The Spirit of St. Lucia
For three men raised on the Caribbean island of St. Lucia, growing up meant getting out. But each found his way home--and now runs a small hotel there. Whitney Pastorek finds out what drew them back
St. Lucia's most famous feature is the Pitons, two green, hulking peaks that rise from the sea in cinematic fashion. At the base of Petit Piton, the smaller of the two, sits Stonefield Estate Villa Resort, a former cocoa plantation transformed into 20 villas. With slatted walls, mosquito netting over four-poster beds, private plunge pools, and outdoor showers, the villas feel like part of a tropical summer camp--but Camp Hiawatha's dining hall never had an ocean view like this.
Shuttles take guests to one of two beaches: the resort's rocky beach, five minutes away, or the ridiculously beautiful strip of white sand (imported from Guyana to cover the original volcanic black beach) at the Jalousie Plantation resort, 10 minutes away. At night, the stars spread out gauzily in the sky, and crickets and tree frogs make so much noise that even city dwellers may need to take a few deep breaths to get to sleep.
The plantation has been in the Brown family for 32 years, but it's only spent the last eight as a hotel--which means proprietor Aly Brown's childhood bedroom is now a guest suite. Brown, 33, is a good-looking man who speaks about St. Lucian life and culture with a mixture of fond bemusement and even fonder pride. Returning to work for his family was the last thing he'd planned, he says over dinner at Camilla's, a small restaurant in downtown Soufrière, the southern village where Stonefield Villas is located. He had gone to Ryerson University in Toronto to earn a business degree, and was "summoned" home by his sister shortly thereafter. "I thought, Okay, I'll come down here for six months to a year, then leave," he says. That was eight years ago.
Picking Brown's brain about where to go on the island is tough--he spends so much time managing the hotel that he rarely gets out anymore--but he did dig up a magical photocopied map of the area, and it quickly became indispensable. My first stop was touristy Sulphur Springs, billed as the world's only drive-through volcano (I'd encourage people to go when the wind is blowing the natural rotten-egg smell away from the viewing platforms). The Soufrière Estate and Diamond Botanical Gardens are much nicer; the former sugar plantation's hundreds of varieties of foliage include giant ficus trees that make you wonder if the plant in your office is a growth spurt away from grandeur. Brown also suggested a slightly out-of-the-way waterfall, called Spike, that crashes 350 feet into a swimmable pool. Waterfalls are ubiquitous in St. Lucia, like wedding chapels in Las Vegas, but this one really was quite stunning. Feeling ambitious, I had my guide, Nelly, take me all the way to the top. The climb (and accompanying near-cardiac arrest) killed any dreams I had of making the four-hour trek to the top of the 2,620-foot-tall Gros Piton.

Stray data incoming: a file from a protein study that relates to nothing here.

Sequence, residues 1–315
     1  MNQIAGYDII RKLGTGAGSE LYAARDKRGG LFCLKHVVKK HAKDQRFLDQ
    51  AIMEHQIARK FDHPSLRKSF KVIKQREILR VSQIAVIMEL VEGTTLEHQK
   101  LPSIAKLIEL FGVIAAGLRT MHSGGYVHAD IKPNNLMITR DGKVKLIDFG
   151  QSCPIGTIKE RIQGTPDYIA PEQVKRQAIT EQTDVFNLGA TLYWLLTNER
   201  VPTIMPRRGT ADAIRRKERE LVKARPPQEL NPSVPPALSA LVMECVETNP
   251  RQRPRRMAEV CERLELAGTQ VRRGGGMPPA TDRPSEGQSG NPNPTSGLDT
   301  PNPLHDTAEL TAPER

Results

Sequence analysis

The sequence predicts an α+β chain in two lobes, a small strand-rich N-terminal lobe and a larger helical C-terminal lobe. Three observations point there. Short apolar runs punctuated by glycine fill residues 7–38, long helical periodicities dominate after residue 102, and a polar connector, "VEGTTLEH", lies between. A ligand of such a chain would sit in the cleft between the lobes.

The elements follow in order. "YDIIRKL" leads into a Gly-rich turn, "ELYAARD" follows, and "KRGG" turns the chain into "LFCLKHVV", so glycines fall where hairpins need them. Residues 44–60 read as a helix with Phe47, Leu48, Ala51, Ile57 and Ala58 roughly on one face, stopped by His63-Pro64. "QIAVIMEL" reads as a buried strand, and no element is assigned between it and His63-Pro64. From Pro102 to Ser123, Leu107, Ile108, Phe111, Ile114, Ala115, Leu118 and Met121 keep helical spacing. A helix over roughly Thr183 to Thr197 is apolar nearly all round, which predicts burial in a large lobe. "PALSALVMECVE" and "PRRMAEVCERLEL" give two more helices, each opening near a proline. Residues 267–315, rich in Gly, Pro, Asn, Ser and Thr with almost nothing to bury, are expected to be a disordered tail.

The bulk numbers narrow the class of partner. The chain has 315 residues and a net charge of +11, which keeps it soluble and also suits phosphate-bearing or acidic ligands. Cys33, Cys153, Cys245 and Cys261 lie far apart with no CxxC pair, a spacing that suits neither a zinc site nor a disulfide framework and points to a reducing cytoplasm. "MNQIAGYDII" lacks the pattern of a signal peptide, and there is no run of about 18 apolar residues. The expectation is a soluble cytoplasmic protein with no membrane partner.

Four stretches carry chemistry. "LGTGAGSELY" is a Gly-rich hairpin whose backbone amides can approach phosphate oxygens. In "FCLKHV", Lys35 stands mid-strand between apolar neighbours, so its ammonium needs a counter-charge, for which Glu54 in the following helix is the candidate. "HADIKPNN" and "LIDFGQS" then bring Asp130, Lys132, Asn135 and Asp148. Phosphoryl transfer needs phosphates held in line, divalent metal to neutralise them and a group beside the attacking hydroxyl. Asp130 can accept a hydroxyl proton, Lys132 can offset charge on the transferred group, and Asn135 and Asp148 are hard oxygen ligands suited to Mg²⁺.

Finally, I followed a suggestion that would be repeated by almost everyone I met, and went for the Sunday buffet brunch at Ladera, a resort just down the road from Stonefield. The open-air dining room looks out over a broad expanse of Caribbean flanked by the Pitons, and the $20 prix fixe is a small price to pay for such a panorama, especially when one factors in the excellent coconut bread pudding.
Surrounded by all this, I find it unsurprising Brown stuck around. "In Canada, I enjoyed the restaurants and libraries and universities--all kinds of culture," he says. "St. Lucia is a Third World country. You're somewhat limited in choices. But after a while you miss your beach and you miss riding horses on the beach, you know? It's a life that you grow to appreciate as you get older." He smiles. "Everybody wants to retire to an island."
Nick Pinnock, owner of Ti Kaye Village Resort, e-mailed me his sightseeing suggestions ahead of time, declaring the island's best view to be from "the lighthouse on top of Moule à Chique in Vieux Fort"--a town at the southern tip of St. Lucia and an hour from Soufrière. My general inability to find anything outside of Soufrière, however, meant I never got to the lighthouse. But, hey, the power station and radio antenna one hill over are higher up anyway, and the view from there--with the entire island spreading below and so much ocean to my back that I swear I could see the curve of the earth--was a memorable last image of the south before heading north to Ti Kaye.
Accessed by a typically gnarly St. Lucian road, Pinnock's resort is on a piece of property about halfway between Soufrière and the capital, Castries. Raised in the island's north, Pinnock, now 38, left St. Lucia in the '80s and moved to Brisbane, Australia, with his mother. After attending college Down Under, he returned to St. Lucia, working for an agricultural firm based in Puerto Rico; the job sent him traveling all over the Caribbean. He bought the land in St. Lucia as an investment: "I was basically gonna sit on it for a few years and then sell it to some other fool. But I fell in love with it a little bit." Drawing inspiration from Stonefield Villas (Pinnock used to be married to Aly Brown's sister--it's a small island--and Brown's father helped with Ti Kaye's design), he laid out 33 cottages: open-windowed structures with gingerbread roofs, outdoor showers, and a view from every porch.
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